I am uncertain; however, today at a toy museum, I might have captured a qubit on a classical computing structure, “ a broken 90-marble abacus,” as shown in the attached photos above.
I did not use it correctly, but if we set the first photo to be the state “0”, then the next one is “1”. You may say the third photo shows 0.5, but you can also say that it is a bit closer to 0 or 1. Thus, while we observe this purple marble positioned between 0 and 1, we cannot tell if it moves to 0 or 1 until we measure its displacement. Therefore, I wonder if it can be said that the classical limit of qubit emerged on classical computer in this third photo? Its probability of being 0 or 1 is fifty-fifty.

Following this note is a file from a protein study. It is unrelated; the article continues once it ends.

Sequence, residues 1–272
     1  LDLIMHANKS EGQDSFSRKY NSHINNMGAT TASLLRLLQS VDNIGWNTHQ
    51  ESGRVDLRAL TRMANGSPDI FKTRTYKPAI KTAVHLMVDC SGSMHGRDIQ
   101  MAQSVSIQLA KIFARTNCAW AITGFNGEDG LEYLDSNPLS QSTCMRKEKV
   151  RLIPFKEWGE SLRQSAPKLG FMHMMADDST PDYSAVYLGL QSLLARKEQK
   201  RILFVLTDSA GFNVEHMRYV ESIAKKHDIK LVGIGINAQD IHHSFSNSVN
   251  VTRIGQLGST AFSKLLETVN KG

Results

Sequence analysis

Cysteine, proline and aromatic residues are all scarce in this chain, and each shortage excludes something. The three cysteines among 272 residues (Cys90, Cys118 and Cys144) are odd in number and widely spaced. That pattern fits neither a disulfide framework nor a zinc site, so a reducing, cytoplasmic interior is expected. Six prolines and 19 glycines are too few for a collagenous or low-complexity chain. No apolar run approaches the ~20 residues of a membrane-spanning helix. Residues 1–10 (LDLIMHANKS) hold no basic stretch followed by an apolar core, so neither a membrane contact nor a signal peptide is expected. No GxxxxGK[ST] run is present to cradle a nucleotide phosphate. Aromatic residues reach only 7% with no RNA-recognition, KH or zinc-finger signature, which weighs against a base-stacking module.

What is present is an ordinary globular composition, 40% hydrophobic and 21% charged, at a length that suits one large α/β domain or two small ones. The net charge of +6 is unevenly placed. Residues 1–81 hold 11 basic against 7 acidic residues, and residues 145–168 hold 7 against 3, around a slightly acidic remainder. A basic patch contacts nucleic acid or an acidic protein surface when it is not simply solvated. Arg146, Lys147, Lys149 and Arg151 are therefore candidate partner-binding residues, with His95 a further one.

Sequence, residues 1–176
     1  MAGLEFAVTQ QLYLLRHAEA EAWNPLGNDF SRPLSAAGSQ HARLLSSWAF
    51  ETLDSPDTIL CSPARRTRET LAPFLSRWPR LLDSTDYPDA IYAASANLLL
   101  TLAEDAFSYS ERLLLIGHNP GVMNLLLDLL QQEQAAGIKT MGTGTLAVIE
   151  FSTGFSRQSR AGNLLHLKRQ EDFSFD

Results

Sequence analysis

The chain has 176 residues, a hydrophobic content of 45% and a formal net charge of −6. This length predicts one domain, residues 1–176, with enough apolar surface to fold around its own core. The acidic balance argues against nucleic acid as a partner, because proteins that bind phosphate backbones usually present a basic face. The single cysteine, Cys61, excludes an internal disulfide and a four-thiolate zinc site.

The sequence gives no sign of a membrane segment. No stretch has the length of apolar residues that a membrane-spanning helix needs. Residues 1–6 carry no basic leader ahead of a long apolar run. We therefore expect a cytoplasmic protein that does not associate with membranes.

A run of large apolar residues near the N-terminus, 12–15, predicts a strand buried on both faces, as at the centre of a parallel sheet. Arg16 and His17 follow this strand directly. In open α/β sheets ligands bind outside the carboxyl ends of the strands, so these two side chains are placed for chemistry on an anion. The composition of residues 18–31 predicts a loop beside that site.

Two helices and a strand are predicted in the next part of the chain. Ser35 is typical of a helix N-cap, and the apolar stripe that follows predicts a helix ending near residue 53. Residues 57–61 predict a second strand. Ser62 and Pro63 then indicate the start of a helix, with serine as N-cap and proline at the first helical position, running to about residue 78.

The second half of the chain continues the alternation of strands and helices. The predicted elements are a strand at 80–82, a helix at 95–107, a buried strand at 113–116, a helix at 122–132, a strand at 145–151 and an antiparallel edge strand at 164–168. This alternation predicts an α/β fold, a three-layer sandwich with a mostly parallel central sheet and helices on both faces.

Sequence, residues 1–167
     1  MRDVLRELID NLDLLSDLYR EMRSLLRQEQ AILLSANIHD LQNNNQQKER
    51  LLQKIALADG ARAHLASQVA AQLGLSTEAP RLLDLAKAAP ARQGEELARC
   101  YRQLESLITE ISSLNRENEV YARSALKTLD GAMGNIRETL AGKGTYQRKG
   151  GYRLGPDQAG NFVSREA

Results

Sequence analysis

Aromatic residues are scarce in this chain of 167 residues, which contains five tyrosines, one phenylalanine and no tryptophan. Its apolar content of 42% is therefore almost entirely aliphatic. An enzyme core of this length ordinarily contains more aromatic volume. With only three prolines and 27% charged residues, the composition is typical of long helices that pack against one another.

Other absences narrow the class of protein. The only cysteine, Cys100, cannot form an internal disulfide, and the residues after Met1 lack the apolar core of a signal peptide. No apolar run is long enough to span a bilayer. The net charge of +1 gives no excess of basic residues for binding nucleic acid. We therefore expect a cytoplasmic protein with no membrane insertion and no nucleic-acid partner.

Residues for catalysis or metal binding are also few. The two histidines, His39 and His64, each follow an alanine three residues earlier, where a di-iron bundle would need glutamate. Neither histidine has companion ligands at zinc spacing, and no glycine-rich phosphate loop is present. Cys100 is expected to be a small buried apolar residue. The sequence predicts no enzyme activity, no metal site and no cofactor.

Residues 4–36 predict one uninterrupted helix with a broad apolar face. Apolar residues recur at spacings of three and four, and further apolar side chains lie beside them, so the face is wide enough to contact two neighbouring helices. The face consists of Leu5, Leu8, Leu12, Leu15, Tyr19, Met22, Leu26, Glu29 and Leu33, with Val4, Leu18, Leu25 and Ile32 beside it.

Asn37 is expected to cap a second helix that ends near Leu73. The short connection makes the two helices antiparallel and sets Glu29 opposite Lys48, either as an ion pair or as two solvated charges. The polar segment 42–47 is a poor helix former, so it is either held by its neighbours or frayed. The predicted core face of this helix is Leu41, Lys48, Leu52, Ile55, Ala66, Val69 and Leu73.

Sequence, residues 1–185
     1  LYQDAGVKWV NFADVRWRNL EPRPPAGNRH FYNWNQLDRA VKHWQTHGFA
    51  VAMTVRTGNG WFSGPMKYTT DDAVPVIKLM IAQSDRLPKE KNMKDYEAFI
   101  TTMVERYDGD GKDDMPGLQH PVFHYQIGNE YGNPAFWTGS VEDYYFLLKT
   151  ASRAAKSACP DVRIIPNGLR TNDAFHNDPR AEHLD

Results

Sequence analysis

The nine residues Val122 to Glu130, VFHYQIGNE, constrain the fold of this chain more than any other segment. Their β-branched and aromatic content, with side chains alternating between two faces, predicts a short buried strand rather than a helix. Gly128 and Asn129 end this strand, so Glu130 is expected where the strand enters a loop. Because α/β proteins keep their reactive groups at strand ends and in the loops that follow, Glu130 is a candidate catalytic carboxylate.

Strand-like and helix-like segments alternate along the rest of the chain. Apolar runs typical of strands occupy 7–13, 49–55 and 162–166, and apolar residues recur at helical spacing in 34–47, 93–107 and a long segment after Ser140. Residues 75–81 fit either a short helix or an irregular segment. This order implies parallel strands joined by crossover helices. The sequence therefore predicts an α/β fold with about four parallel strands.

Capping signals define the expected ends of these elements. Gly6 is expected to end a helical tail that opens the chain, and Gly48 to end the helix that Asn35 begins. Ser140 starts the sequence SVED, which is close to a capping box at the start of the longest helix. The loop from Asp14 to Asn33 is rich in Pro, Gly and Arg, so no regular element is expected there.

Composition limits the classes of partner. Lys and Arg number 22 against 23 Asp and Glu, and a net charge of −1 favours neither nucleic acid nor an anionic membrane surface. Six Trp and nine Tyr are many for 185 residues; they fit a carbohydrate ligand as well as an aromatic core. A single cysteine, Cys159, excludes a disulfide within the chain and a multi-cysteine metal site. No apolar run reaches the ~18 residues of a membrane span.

The picture below gives a further explanation with a chart of marble A's location. In abacus computing, the states of A are limited to four states, namely, resting at 0 or 1, or moving toward 0 or 1. A cannot rest between 0 and 1. Abacus computing is observed by taking two photographs during its sequence giving two locations of A. When taking the first shot, we can know A's location and not sure if it is moving or resting. Then we take a second shot and know how it moves. After all, we can tell or predict its outcome 0 or 1. Thus, when we observe the initial location of A, this is the state of the classical limit of qubit, which has fifty-fifty probability of becoming 0 or 1, until secondary observation.
This concept can be extended to tossing coin or tumbling dice. If the observer is unable to predict those outcomes by observing those motions, the observer can tell only classical probabilities.